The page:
Francis Bacon: History, Politics and Science, 1561-1626

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Cambridge University Press, 1993 - History - 409 pages
In the centuries since his death, Francis Bacon has been perceived as a promoter and prophet of 'natural science'. Certainly Bacon expected to fill the vacuum which he saw existing in the study of nature; but he also saw himself as a clarifier and promoter of what he called 'policy', that is, the study and improvement of the structure and function of civil states including the then new British state. In this major study, Brian Wormald's first since his work on Clarendon, Bacon is shown resolving this conflict by attending assiduously to both fields, arguing that work on one would help progress in the other. In his teaching, in his practice and in terms of what was actually achieved, the junction between the two enterprises was affected by Bacon's work in history - civil and natural. In this fundamental reappraisal of one of the most complex and innovative figures of the age, Brian Wormald reveals how Bacon's conception and practice of history provided an answer to his strivings in both policy and natural philosophy.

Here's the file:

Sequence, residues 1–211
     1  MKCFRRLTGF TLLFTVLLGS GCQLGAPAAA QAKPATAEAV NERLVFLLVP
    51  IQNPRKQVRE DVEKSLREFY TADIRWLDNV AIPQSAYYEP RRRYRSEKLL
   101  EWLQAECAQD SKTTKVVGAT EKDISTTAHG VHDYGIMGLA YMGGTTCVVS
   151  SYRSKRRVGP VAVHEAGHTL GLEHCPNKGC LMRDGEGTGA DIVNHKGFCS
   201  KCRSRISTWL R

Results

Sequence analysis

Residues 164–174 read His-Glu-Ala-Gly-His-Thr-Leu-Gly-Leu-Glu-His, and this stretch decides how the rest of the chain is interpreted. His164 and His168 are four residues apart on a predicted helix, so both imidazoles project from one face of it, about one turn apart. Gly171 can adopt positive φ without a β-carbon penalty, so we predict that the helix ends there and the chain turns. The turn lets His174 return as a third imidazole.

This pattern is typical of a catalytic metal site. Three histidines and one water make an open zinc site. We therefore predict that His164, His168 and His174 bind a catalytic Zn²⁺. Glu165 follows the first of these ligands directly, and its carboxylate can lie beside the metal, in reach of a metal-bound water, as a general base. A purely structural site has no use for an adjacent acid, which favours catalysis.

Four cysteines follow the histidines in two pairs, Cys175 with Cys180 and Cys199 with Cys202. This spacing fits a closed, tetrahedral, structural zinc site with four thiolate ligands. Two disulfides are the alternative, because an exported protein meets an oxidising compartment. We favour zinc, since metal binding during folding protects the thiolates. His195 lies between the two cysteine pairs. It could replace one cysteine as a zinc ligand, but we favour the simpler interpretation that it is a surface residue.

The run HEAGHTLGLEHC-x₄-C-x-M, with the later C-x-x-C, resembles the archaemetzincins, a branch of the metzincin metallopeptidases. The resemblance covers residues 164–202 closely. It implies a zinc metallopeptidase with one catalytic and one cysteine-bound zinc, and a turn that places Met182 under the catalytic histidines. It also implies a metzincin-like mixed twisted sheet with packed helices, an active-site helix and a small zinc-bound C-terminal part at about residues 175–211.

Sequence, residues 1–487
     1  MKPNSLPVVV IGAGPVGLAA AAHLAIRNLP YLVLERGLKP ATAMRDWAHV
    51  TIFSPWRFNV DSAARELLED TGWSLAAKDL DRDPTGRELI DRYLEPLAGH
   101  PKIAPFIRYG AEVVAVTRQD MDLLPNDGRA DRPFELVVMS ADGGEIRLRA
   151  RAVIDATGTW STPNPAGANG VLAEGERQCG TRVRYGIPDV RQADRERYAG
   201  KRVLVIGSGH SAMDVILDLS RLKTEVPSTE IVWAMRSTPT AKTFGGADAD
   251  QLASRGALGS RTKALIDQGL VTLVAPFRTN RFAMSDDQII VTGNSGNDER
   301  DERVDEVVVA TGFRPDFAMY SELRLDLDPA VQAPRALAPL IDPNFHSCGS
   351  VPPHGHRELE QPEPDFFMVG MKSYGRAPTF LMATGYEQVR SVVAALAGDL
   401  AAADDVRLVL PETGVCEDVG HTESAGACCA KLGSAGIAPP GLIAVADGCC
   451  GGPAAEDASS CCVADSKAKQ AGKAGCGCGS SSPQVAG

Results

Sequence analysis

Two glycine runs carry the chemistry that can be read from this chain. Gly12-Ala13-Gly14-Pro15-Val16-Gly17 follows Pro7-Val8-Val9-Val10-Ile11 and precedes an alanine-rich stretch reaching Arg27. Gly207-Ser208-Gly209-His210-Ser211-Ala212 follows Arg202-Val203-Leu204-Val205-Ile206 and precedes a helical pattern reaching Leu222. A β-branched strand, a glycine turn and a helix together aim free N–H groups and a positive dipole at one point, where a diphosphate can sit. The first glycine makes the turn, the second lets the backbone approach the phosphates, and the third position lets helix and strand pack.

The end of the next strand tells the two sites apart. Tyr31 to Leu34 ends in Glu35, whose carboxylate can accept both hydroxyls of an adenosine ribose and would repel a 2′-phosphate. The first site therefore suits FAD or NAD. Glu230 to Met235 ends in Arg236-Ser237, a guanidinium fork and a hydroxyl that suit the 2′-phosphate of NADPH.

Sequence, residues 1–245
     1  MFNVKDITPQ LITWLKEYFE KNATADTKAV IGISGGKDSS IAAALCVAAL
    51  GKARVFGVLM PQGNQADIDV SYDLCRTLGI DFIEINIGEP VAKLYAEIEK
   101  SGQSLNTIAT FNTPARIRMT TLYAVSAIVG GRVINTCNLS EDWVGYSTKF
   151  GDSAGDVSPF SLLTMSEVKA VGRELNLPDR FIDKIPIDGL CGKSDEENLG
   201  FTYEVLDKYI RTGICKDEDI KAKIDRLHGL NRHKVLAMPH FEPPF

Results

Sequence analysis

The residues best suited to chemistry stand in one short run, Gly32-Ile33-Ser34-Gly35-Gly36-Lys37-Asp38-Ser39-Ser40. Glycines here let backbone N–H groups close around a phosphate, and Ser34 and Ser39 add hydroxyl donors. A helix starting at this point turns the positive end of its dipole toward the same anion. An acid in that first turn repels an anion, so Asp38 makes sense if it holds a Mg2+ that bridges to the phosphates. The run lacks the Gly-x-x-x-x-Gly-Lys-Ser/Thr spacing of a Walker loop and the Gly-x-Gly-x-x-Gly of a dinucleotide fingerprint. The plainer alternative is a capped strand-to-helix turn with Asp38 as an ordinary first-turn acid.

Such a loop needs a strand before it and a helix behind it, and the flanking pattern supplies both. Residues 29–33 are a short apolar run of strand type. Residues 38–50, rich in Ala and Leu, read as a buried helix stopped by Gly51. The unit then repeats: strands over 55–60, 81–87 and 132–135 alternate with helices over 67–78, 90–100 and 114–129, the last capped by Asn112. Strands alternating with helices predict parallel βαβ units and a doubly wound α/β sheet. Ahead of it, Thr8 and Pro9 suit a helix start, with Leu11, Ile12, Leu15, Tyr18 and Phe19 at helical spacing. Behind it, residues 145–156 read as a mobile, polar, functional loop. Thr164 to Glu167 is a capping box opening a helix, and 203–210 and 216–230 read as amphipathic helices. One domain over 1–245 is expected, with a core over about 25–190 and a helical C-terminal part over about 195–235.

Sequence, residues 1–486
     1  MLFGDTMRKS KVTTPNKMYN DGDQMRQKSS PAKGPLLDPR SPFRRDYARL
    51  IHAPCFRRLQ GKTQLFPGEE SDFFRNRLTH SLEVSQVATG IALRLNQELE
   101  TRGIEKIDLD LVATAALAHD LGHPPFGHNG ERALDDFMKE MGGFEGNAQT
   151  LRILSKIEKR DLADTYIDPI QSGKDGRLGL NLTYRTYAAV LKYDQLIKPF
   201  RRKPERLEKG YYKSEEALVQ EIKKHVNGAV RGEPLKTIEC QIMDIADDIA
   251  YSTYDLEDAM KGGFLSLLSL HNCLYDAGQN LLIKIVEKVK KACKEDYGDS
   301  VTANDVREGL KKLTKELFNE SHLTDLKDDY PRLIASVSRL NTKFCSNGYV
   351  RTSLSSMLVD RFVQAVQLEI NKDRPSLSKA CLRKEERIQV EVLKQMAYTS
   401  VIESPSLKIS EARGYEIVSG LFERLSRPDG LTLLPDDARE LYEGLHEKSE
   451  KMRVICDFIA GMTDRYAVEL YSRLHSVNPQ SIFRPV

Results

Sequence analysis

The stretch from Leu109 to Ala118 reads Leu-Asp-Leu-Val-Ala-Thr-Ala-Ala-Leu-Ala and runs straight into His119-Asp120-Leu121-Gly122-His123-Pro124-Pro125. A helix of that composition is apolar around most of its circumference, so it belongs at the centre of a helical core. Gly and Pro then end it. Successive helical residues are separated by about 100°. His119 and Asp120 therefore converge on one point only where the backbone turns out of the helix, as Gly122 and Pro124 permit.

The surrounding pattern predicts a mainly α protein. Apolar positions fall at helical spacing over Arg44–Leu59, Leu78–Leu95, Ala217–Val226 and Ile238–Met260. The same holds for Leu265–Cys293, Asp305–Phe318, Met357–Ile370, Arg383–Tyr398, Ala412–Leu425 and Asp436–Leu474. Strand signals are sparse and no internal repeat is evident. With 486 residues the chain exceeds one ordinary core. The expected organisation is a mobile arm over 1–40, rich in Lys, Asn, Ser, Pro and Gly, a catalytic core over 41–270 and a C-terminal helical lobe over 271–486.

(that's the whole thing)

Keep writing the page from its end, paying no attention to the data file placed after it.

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Contents

Acknowledgments
Introduction
1
Two programmes Know thyself and know the universe of nature
26
Knowledges are as pyramids whereof history is the basis history civil this latter extended to describe and to include the Common Law of England
46
Logic idols of the mind rhetoric
77
Policy a great part of philosophy Bacons engagements in policy
91
Morality and policy I
109
Morality and policy II
145
Civil history of letters civil history mixed
214
Civil history of the reign of King Henry the 7th
241
Aims and claims but no metaphysics of nature
261
No metaphysics of nature civil history supplies Bacons masculine birth of time
284
Bacon and his markers I
313
Bacon and his markers II
338
Notes
370
Index
399

Morality and policy III
168
Morality and policy IV
190

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